The Golden Knights’ big gamble collapses

Jack Eshel's first season with the Golden Knights was a bust.  (Photo by Jeff Buttari/NHLI via Getty Images)

Jack Eshel’s first season with the Golden Knights was a bust. (Photo by Jeff Buttari/NHLI via Getty Images)

When the expansion of the Vegas Golden Knights led to the Stanley Cup final in its inaugural season, fans were fascinated by the hockey brand and the entertainment atmosphere on and off the ice in Sin City.

In subsequent seasons, Vegas continued to push more chips to the table, trading draft picks and predictions in search of instant success. Every season, the team looked to the brink of glory in the Stanley Cup, until their runaway race came to a halt this season.

Vegas, which played two must-win games against San Jose and Dallas, overtook the lead and failed to secure the crucial points. As Golden Knights coach Pete Debor said after their loss to Dallas, “Our guys left everything on the ice.”

In DeBoer’s own discretion, it was the best the Golden Knights could do. Finally, it was a penalty shootout loss to the Chicago Blackhawks, another close loss that ended the Golden Knights’ playoff hopes.

Throughout the season, Vegas has struggled with injuries to key players including Jack Eichel, Mark Stone, Max Pasuritti, Alec Martinez and Robin Lehner, but Like hockey newsAdam Proto explainedYou can’t just blame the injuries.

“[T]The cause of the injury isn’t the only determinant of the Golden Knights’ disappointing season,” he wrote. “Vegas has also been hit hard by their inability to play defense at stretch.”

Proto also noted the special teams’ disappointing results with the Golden Knights ranked 21st in the power game and 19th in penalty kicks.

Now, having missed the playoffs for the first time in the franchise’s five-year history, Vegas’ overall gamble could unravel, plunging the organization into a long and painful period.

To be fair, the Golden Knights are still in winning mode now and could challenge for the Stanley Cup next season. Their core, including Eichel, Stone, William Karlsson, Chandler Stephenson, Shea Theodore and Alex Pietrangelo, are still signed until next season and many are locked up for the long haul. If Vegas’ winning ways return and they can keep playing with house money, that long-term safety could be a boon. If this season turns out to be more than an aberration, the Golden Knights fan base will be on track for a losing streak that no amount of luck will fix.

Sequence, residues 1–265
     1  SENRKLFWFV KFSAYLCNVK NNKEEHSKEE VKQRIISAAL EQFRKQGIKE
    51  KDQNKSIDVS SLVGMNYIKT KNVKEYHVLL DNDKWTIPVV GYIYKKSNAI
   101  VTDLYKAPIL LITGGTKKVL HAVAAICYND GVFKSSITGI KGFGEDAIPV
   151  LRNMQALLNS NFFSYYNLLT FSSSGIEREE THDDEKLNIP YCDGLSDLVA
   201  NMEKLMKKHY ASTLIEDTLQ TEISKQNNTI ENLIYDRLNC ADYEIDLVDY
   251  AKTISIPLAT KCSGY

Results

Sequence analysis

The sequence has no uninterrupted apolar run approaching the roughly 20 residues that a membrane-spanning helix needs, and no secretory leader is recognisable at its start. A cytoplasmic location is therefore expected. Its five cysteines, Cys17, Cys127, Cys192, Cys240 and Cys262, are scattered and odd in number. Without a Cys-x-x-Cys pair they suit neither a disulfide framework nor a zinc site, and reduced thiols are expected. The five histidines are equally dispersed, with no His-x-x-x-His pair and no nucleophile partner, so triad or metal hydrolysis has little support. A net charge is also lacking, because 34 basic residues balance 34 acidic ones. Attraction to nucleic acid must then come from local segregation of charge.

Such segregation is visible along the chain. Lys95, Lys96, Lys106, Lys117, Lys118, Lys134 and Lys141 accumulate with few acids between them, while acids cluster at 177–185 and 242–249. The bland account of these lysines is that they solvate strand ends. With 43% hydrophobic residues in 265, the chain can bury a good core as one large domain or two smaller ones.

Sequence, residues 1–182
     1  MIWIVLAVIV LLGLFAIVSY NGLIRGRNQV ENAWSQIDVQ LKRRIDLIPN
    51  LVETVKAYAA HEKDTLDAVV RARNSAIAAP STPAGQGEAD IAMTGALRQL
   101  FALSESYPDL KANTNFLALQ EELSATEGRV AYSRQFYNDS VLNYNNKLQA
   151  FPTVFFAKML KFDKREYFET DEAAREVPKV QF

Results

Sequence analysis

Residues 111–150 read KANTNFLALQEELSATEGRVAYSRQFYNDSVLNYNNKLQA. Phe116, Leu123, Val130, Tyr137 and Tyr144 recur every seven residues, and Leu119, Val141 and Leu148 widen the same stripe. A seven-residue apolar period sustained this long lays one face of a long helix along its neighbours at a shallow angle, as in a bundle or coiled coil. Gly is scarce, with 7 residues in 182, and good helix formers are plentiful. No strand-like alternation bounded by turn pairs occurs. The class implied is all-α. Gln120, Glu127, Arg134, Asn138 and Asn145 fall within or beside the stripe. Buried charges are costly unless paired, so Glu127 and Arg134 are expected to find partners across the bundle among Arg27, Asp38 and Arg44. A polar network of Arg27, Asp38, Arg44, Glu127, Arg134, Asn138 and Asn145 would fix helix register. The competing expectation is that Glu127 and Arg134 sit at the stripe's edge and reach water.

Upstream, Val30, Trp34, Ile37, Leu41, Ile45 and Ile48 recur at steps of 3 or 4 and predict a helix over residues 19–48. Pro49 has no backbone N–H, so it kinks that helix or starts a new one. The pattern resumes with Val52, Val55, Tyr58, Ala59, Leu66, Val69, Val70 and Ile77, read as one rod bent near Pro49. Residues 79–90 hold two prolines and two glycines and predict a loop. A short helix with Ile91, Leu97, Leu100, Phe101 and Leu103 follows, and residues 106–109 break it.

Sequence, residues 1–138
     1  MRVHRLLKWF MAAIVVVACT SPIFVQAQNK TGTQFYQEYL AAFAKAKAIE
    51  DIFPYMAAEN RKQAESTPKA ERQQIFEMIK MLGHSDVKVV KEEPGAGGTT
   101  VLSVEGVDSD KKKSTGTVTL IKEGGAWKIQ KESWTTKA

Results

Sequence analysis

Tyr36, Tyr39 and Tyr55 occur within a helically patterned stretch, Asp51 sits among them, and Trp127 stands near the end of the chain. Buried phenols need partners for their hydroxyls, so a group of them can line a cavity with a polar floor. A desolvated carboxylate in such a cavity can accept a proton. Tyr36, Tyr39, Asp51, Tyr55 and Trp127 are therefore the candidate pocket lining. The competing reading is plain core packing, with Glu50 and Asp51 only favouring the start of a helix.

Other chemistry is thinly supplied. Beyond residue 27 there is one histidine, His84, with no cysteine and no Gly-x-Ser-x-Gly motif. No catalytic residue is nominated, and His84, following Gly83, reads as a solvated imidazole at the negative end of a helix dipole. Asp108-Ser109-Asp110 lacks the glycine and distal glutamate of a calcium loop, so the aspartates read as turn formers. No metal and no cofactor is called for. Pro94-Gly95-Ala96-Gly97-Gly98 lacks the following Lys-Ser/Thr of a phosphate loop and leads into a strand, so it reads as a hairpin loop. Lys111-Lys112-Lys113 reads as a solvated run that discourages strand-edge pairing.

Next season, there are only 18 Vegas players signed to a total cap of $83,866,667. With an estimated 2022-23 NHL salary totaling $82.5 million, Vegas General Manager Kelly McCremon will need to get rid of the salary before he can even try to put together a team. McCremon sought to remedy this in part by trading Evgenii Dadonov on the deadline, which It turned into an embarrassing ordeal involving an unknown no-trade clause.

Perhaps the most telling sign of Vegas gambling on its future is the fact that, with the 2021-22 season drawing to a close, no active player on the roster has been drafted and developed by the franchise. This season, Nicholas Haig was the only homegrown starter in the squad until he sustained a lower body injury at the end of the season with a month left in the campaign.

In building their current roster, Vegas replaced four previous first-round picks and another first-round pick, as well as several second-round picks. The four first-round options traded include Nick Suzuki (13th overall, 2017), Cody Glass (6th overall, 2017), Eric Branstrom (15th overall, 2017) and Peyton Cripps (17th overall, 2017). , 2019), while their 2018 first-round pick became Detroit Red Wings striker Joe Felino.

Among that group, Suzuki could be the player that chases Vegas the most, as he is currently the Montreal Canadiens’ 22-year-old top scorer. He would have been the youngest player on the Vegas roster this season, and his scoring and ability to stay healthy could have been a huge boost to the Golden Knights. Acquired player for Suzuki, Pasurietti was influential when he was in the squad but has played less than half of the season and will become an unrestricted free agent after next season.

The remaining expectations in Vegas pool are shallow as well. It’s a group ranked 25th before hockey news In their latest release, Future Watch. It looks like only a few players – notably Brendan Bryson, Evan Morozov and Zach Dean – will be able to replace the veterans in the coming seasons, but none of them are elite.

This season, Vegas will need to find a new home for several players in order to have enough roof space to fill an entire roster. It would almost certainly include the exit of a valuable veteran who would capitalize on their chances in the playoffs in 2022-23. The plan to expand into Vegas was a gamble. While they rode to winning highs for four years, the prospects for the Golden Knights’ future success are far from certain.

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